Attending to threat: Race-based patterns of selective attention

Sophie Trawalter, Andrew R. Todd, Abigail A. Baird, Jennifer A. Richeson*

*Corresponding author for this work

Research output: Contribution to journalArticlepeer-review

177 Scopus citations


The present research investigated the extent to which the stereotype that young Black men are threatening and dangerous has become so robust and ingrained in the collective American unconscious that Black men now capture attention, much like evolved threats such as spiders and snakes. Specifically, using a dot-probe detection paradigm, White participants revealed biased attention toward Black faces relative to White faces (Study 1). Because the faces were presented only briefly (30-ms), the bias is thought to reflect the early engagement of attention. The attentional bias was eliminated, however, when the faces displayed averted eye-gaze (Study 2). That is, when the threat communicated by the Black faces was attenuated by a relevant, competing socio-emotional cue-in this case, averted eye-gaze-they no longer captured perceivers' attention. Broader implications for social cognition, as well as public policies that reify these prevailing perceptions of young Black men are discussed.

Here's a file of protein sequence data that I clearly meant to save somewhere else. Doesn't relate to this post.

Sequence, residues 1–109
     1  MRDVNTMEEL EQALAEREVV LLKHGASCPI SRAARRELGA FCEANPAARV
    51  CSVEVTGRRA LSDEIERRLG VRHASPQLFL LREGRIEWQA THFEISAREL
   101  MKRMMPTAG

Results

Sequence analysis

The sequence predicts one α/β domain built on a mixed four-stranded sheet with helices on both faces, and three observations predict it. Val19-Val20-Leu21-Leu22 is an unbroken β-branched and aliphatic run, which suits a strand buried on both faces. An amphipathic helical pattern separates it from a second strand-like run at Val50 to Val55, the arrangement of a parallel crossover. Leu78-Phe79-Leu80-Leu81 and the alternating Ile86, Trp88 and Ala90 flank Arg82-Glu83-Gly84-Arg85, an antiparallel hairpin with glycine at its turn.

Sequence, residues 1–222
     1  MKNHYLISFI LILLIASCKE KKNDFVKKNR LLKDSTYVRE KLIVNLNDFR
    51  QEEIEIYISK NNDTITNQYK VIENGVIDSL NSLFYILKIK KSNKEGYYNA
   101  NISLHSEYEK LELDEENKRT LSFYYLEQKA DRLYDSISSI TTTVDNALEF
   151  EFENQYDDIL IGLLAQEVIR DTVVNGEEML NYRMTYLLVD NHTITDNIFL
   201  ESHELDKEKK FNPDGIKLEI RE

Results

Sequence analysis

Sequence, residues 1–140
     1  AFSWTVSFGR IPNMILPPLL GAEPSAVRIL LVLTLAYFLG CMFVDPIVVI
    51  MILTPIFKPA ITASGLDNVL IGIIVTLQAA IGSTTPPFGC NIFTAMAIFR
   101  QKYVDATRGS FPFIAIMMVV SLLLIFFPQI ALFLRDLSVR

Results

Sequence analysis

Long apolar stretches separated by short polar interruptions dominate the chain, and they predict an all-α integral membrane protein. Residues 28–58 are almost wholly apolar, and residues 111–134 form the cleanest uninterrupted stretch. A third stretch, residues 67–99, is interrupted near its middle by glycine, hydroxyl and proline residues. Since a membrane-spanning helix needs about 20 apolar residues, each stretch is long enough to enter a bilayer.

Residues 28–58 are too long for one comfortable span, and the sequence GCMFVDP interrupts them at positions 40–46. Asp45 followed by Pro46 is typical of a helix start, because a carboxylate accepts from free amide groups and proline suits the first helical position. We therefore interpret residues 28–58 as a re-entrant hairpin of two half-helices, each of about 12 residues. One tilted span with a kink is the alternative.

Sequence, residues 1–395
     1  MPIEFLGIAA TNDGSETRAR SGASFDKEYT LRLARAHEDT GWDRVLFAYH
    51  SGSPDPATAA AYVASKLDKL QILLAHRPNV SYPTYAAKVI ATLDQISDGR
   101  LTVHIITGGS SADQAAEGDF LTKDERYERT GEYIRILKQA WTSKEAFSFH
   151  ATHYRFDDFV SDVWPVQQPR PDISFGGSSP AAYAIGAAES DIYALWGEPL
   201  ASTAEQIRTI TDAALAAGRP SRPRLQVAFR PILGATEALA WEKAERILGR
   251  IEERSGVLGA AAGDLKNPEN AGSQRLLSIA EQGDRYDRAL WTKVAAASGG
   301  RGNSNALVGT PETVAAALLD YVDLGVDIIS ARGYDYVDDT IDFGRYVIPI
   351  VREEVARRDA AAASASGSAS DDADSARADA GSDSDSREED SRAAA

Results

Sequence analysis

Original languageEnglish (US)
Pages (from-to)1322-1327
Number of pages6
JournalJournal of Experimental Social Psychology
Issue number5
StatePublished - Sep 2008


  • Racial and ethnic attitudes
  • Social cognition
  • Social perception
  • Threat
  • Visual attention

ASJC Scopus subject areas

  • Social Psychology
  • Sociology and Political Science


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